West Virginia has adopted other limitations on judicial elections. For example, in Carenbauer, this Court ruled that a sitting justice is ineligible to run for a different seat on the Supreme Court prior to the expiration of his or her term. Carenbauer, 208 W. Va. at 598- 600, 542 S.E.2d at 419-21. In Carenbauer, former-Justice Warren McGraw, who had been elected in 1998 to complete the remaining half of his judicial office's term, sought to run again in 2000 for another seat on the Court with a full twelve-year term. In ruling former- Justice McGraw ineligible to run for a separate seat on the same court on which he was already sitting, this Court concluded that the State had a compelling and permissible interest in regulating political activities in judicial offices. Id. See also Matter of Codispoti, 190 W. Va. 369, 438 S.E.2d 549 (1993) (public censure of judicial officer for violating Judicial Code of Ethics related to misleading campaign advertisements).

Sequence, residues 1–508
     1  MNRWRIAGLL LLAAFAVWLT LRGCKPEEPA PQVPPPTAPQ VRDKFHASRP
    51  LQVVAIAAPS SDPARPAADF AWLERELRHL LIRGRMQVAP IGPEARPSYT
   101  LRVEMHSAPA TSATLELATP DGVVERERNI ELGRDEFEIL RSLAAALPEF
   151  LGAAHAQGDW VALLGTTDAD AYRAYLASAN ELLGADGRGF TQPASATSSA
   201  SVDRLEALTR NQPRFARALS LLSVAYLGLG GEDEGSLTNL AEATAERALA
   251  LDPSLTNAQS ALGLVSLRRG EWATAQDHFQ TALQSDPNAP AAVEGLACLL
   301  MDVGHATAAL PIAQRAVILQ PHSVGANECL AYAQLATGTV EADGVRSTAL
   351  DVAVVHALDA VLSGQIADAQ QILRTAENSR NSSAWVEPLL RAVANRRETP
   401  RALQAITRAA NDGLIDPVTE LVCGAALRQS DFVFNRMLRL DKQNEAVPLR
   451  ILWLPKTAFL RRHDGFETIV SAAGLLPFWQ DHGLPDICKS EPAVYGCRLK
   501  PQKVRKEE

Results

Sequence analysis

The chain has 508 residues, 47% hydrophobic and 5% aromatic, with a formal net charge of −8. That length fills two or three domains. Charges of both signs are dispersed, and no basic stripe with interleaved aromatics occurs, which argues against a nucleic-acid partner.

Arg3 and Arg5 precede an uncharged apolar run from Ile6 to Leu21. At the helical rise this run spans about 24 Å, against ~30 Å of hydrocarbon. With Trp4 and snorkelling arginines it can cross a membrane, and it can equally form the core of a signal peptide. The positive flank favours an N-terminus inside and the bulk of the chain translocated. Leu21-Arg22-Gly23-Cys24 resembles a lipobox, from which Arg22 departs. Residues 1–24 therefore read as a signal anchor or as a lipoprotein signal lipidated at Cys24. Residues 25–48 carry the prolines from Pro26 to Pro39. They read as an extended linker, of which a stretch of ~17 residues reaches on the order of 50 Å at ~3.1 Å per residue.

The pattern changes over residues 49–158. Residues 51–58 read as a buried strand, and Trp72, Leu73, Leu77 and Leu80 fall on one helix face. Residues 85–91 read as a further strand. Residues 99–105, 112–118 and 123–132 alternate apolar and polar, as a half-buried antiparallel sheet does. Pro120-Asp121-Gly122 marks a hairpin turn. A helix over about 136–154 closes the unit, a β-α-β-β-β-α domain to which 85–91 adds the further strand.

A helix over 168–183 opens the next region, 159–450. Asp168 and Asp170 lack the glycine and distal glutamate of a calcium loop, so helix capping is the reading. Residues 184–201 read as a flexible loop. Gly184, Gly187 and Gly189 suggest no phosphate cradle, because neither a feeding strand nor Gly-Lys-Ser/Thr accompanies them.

In State ex rel. Rist v. Underwood, 206 W. Va. 258, 524 S.E.2d 179 (1999), this Court considered a challenge to the Governor's appointment of the then-current Speaker of the House of Delegates as a Justice on this Court pursuant to the Governor's appointment powers for vacancies on this Court. See W. Va. Const. art. VIII, § 7. This Court ruled that, under the Emoluments Clause of the West Virginia Constitution, the appointment was prohibited where, during the Speaker's current term of office, the Legislature had enacted a pay increase with respect to such judicial office. W. Va. Const. art. VI § 15.